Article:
Before there were pills for every problem, there were plants. In a season rampant with COVID-19, influenza, and an array of harmful viruses and bacteria, consider adding immune-boosting ingredients to home-cooked meals for extra defense. The following groups of plants are known to protect you via several mechanisms.

1. Alliums

Onions, garlic, scallions, and shallots are some of the members of this amazing family. Among other high sulfurous compounds, they have diallyl disulfide (DADS), which is an organosulfur compound responsible for the characteristic pungent smell and flavor of alliums. These compounds regulate cytokine production and have anti-inflammatory properties, which improve the immune system in the long run. 

One way to use alliums is to mince them and cook until they are golden and aromatic, usually around 30 seconds on medium heat for garlic and scallions but longer for onions and shallots. Then, add the main part of the dish, whether it be meat, chickpeas, or fish and enjoy. 

#SpoonTip: Keep a supply of whole garlic in the fridge or minced garlic in the freezer—either option will keep for several months.

2. Dark Green Veggies

Cruciferous vegetables are a godsend for taste and nutritious qualities. Broccoli, kale, brussel sprouts, and similar vegetables are excellent sources of vitamins and antioxidants. Antioxidants are compounds that search for and destroy free radicals in the body, which prevents cell degradation and strengthens the immune system. Conveniently, these dark green vegetables are all fantastic simply roasted with salt and pepper or within other dishes.

Spinach has folate which helps repair cells and DNA, along with  vitamin C, and other antioxidants—Popeye really knew what he was doing. Adding raw spinach to salads is a great way to eat spinach, but cooked spinach within other recipes like quiches also provides a variety of nutrients to be absorbed.

3. Spices

Turmeric's main active ingredient is curcumin, which is anti-inflammatory and antioxidant rich. It is best to consume with black pepper (active ingredient: piperine) which increases absorption into the bloodstream. Cinnamon has cinnamaldehyde (anti-inflammatory) and a large amount of polyphenols (antioxidants). Ginger's active ingredient is called gingerol, which is anti-inflammatory and antioxidant rich. Cayenne pepper fights harmful gut pathogens and improves digestive health, and has Vitamin A via beta carotene, which is a powerful antioxidant.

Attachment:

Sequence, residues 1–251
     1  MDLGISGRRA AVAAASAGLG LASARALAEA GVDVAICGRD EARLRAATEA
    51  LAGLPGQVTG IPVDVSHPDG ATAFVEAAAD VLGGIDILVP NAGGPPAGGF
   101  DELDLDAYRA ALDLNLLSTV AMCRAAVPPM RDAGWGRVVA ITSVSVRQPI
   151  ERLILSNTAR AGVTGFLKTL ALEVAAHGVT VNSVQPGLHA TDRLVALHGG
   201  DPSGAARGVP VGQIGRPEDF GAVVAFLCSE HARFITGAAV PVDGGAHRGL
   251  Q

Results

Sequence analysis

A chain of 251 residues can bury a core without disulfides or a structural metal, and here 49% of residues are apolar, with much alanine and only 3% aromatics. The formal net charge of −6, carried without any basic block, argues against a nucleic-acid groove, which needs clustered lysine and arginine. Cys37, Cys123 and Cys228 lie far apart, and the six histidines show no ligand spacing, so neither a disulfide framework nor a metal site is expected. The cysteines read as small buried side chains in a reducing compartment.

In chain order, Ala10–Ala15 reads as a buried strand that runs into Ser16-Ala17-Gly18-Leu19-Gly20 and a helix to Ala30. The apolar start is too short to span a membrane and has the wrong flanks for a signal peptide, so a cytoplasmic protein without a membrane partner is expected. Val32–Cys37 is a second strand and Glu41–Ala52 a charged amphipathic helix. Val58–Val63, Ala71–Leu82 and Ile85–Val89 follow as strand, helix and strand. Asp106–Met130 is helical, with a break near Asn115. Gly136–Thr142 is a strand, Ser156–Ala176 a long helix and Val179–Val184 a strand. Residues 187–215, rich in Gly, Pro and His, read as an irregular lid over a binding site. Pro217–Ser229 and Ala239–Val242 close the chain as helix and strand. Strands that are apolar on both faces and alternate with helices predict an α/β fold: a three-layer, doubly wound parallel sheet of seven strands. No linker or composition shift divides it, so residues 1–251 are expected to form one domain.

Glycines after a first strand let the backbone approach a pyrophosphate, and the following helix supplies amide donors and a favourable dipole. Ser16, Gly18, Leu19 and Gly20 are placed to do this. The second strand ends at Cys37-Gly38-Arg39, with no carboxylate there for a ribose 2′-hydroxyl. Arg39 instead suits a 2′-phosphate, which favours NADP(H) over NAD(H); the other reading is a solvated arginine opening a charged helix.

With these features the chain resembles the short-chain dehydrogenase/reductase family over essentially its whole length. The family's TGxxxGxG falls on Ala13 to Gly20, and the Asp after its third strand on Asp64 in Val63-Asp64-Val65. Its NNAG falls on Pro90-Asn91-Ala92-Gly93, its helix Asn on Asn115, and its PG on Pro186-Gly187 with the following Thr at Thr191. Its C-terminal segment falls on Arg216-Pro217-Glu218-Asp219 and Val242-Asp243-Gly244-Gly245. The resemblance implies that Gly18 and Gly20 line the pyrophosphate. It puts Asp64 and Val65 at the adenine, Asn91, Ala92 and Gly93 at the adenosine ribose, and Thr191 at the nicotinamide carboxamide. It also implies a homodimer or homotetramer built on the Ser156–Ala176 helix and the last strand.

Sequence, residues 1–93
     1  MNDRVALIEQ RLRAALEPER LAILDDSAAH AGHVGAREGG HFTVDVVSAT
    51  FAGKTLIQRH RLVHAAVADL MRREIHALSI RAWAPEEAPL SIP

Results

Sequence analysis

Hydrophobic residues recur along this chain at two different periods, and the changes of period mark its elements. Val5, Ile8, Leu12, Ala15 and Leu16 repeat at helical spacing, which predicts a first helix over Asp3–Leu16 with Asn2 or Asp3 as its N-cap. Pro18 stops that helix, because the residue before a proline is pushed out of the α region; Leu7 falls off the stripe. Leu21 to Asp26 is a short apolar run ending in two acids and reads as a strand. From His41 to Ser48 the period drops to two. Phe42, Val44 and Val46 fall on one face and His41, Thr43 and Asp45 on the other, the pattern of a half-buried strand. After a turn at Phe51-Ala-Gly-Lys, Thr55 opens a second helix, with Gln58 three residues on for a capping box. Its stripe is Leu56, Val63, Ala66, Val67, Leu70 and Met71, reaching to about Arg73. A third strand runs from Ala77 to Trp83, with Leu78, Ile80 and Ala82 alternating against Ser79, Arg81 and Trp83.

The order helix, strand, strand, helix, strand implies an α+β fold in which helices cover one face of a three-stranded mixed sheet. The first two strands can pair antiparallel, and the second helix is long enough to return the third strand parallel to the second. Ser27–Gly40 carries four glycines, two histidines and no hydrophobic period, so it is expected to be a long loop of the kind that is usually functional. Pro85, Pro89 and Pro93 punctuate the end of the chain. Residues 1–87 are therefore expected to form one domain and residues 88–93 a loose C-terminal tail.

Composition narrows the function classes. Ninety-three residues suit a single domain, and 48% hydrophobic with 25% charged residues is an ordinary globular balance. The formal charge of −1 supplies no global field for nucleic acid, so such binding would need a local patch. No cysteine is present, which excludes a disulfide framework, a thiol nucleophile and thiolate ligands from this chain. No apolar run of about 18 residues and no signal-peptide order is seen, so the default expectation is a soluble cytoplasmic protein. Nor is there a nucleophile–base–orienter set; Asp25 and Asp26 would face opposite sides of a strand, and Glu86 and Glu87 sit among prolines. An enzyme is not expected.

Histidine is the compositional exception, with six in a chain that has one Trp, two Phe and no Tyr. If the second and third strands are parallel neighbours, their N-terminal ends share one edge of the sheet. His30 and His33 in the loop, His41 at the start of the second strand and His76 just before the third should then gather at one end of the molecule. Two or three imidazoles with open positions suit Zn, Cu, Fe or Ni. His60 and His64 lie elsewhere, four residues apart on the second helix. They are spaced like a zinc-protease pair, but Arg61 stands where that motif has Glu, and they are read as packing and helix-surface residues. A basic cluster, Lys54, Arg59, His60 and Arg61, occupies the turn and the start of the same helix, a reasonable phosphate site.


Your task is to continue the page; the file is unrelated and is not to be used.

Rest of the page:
The moral of the story is to add spices to meals! They are flavor and immune-boosting. Turmeric, ginger, and cayenne pepper are great is most savory dishes. They are commonly used in Asian and Southeast Asian cuisines, but fusion flavors are all the rage, and adding them to other cuisines is a great way to create new dishes. Cinnamon is usually used in sweeter dishes. An easy way to eat more cinnamon is by adding it to oatmeal. All of these spices are great flavoring for meat rubs, curries, and more.

4. Fruits

Berries, pomegranates, bananas, citruses, and almost all fruits have health benefits. They are major sources of antioxidants and vitamins. Berries are low-calorie and very nutritious, with loads of antioxidants, vitamins, and minerals. Pomegranates have antioxidant, antiviral, and anti-tumor properties, also from high levels of vitamins and other compounds. Vitamin C is found in high amounts in citrus fruits, bananas, and papaya, and it increases the amount of white blood cells which attack invaders and support the immune system. 

Increase fruit consumption by eating them raw or in smoothies, sorbets, and pastries—even use them in savory dishes with fish or vegetables, or in a marinade for meats. 

5. Teas

Both black and green teas have flavonoids and polyphenols which have antioxidant properties. Green tea from Camellia sinensis in particular, is high in the catechin polyphenol called EGCG which is very effective in reducing inflammation and preventing Western diseases. If drinking tea isn't enjoyable for you, add it to pastries or dairy, make rubs, use it for marinating proteins, or incorporate into pasta.

There is also an abundance of immune-boosting herbal teas. Some examples are peppermint tea, ginger tea, Echinacea tea, and lemon balm tea.

While all of these ingredients will help you stay healthy, also remember to exercise, do routine check-ups, and seek medical help when needed! It is important to know when modern medicine will save your life and prevent suffering. 

I hope that this is a helpful guide to incorporating immune-boosting foods to your diet if you don't already consume them. Diet is a very important part of health, and as the old saying goes: an apple a day keeps the doctor away.